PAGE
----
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Page number:30 
Remarks (internal):The smooth peridial surface is vaguely reminiscent of a red-skinned onion, hence the epithet, `cepa'. Often regarded as a variety of S. verrucosum. Although the spores are verrucose, the surface ornament often retains numerous trophocysts. 
Description type:Non-original description 
Description:Scleroderma cepa Pers.: Pers., Synops. Meth. Fung.: 155 (1801).
Scleroderma cepioides Gray, Nat Arrang. Brit. Pl. 1: 582 (1821).
Scleroderma vulgare Hornem. var. spadiceum sensu W. G. Smith, Synops. Brit. Basid.: 479 (1908).
Scleroderma spadiceum sensu Rea (1922), non S. spadiceum Schaeffer: Pers., op. cit.: . 155 (1801, nom. confusum).
Selected descriptions: Coccia, Migliozzi & Lavarato (1990 : 9-14); Demoulin (1967: 301); Rea (1922: 50); Sebek (1958 : 805 as S. aurantiacum var. spadiceum); Wakefield & Dennis (1950: 274).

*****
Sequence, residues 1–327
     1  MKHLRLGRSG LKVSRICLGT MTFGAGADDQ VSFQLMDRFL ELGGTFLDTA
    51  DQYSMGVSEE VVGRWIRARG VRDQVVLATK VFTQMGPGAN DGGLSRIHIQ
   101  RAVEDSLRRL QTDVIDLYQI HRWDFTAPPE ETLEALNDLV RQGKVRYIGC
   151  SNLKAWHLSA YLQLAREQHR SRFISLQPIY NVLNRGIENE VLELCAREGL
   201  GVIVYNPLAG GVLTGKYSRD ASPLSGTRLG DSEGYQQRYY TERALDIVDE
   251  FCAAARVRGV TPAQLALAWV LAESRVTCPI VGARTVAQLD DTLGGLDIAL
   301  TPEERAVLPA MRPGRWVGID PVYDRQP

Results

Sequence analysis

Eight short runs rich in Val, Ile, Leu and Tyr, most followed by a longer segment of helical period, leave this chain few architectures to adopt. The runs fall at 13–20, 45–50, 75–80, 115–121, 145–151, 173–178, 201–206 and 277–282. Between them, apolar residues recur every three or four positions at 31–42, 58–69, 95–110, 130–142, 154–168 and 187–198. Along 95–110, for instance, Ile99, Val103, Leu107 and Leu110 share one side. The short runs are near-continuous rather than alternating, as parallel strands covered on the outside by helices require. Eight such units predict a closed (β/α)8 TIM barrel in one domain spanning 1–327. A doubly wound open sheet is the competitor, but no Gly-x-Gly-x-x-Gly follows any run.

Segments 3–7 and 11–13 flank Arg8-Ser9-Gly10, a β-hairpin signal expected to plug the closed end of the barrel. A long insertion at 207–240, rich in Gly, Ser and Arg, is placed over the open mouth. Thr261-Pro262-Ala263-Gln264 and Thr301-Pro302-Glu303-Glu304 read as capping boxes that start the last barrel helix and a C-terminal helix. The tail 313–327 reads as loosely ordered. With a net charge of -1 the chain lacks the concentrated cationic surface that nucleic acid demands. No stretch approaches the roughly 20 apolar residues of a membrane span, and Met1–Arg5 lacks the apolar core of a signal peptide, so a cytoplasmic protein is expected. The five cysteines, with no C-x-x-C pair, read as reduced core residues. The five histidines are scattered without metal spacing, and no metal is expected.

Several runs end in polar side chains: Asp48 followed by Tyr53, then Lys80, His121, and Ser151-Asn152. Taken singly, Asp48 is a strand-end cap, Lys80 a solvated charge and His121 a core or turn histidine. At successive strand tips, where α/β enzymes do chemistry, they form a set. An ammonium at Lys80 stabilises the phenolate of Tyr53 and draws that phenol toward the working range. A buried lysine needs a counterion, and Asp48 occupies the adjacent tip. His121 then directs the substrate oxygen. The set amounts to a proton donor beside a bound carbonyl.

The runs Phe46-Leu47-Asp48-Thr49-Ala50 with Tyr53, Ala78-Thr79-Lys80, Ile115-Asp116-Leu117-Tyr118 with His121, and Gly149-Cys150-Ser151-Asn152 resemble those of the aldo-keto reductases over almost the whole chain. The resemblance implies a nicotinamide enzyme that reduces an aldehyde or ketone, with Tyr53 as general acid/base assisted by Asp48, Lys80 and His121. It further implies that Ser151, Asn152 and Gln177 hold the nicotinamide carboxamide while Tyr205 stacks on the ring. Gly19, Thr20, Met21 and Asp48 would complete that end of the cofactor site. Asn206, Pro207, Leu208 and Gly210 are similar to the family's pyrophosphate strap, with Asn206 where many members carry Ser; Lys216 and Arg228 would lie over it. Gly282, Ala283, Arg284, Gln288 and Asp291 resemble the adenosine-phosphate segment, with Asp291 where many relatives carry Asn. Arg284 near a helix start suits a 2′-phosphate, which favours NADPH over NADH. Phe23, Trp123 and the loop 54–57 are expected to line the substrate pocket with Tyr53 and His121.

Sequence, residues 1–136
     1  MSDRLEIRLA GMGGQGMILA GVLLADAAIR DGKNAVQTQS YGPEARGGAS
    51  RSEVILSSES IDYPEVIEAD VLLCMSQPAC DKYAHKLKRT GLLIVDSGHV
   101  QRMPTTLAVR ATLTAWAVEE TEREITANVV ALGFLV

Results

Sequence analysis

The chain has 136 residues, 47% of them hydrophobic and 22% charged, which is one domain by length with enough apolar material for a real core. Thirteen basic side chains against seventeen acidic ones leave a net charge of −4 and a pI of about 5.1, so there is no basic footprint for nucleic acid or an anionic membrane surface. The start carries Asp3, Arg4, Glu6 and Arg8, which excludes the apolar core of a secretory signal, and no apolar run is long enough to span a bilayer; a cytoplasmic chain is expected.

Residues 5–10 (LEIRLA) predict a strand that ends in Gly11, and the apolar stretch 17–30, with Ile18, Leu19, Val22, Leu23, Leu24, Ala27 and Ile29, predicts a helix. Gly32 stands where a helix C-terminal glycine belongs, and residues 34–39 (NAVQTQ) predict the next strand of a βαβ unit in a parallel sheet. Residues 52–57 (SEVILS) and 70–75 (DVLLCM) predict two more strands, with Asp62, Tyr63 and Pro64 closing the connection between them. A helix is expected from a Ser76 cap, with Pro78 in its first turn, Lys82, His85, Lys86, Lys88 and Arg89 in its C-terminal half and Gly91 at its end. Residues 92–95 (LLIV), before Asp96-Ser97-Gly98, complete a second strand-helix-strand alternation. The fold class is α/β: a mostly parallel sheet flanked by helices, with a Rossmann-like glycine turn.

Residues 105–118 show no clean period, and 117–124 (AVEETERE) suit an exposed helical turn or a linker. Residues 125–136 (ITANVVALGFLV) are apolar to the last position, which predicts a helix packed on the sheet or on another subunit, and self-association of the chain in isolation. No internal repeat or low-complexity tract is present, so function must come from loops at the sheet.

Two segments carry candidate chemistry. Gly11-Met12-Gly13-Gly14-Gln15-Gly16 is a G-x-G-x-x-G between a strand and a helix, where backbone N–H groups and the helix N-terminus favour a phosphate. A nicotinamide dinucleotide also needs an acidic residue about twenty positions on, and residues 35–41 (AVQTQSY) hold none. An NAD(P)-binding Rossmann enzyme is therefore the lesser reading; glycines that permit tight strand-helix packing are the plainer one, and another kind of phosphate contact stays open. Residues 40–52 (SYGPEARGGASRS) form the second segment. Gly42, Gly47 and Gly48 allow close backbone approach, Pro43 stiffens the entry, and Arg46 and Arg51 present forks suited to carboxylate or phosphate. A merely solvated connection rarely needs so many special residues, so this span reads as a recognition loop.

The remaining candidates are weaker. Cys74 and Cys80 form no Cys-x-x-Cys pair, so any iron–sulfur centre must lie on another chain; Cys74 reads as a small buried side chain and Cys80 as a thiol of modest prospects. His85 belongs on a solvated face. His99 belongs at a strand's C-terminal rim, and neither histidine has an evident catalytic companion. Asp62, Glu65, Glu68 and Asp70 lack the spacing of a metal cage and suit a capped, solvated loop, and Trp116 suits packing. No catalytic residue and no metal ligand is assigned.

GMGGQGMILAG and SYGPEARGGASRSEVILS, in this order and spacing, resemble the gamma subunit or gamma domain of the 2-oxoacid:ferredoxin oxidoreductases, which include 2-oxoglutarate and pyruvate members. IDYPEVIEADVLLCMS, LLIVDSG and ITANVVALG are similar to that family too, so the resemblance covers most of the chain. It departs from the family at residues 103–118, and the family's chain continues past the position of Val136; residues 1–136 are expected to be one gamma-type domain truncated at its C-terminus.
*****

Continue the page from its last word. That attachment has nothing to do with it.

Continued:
Selected illustrations: Sebek (1958 : fig. 201/4-6); Vaillant (1727: 123, p1.16/5-6); Wakefield & Dennis (1950: p1.111/4B).
Diagnostic characters: fruitbody lacking pseudostipe; peridium very thick, smooth, finally cracking; spores with isolated verrucae; clamp-connexions absent.
Fruitbody 2-6 cm diam., subglobose, pyriform or flattened, lacking a stipe-like base but sometimes tapering below. Peridium thick and rigid when fresh, drying thinner, cream-yellow to dark reddish brown, at times with yellow or orange tints on drying, smooth but eventually coarsely cracked with minute squamules above, with irregular apical dehiscence. Gleba at first whitish soon fuscous brown with violaceous tints, finally greyish brown to olivaceous and pulverulent.
Clamp-connexions absent. Basidiospores 9-14 (-15) µm diam. (excluding ornament), globose, dark brown, thick-walled, with a surface ornament of isolated, pyramidal verrucae, 1-2.5 µm high and about 1.0 µm broad at their base; often surrounded by numerous, thin-walled, hyaline trophocysts.
Habitat: prefers sandy ground, often under species of oak (Quercus).
Distribution and frequency: uncommon but widespread in Britain; occurs throughout western Europe and North America.

 
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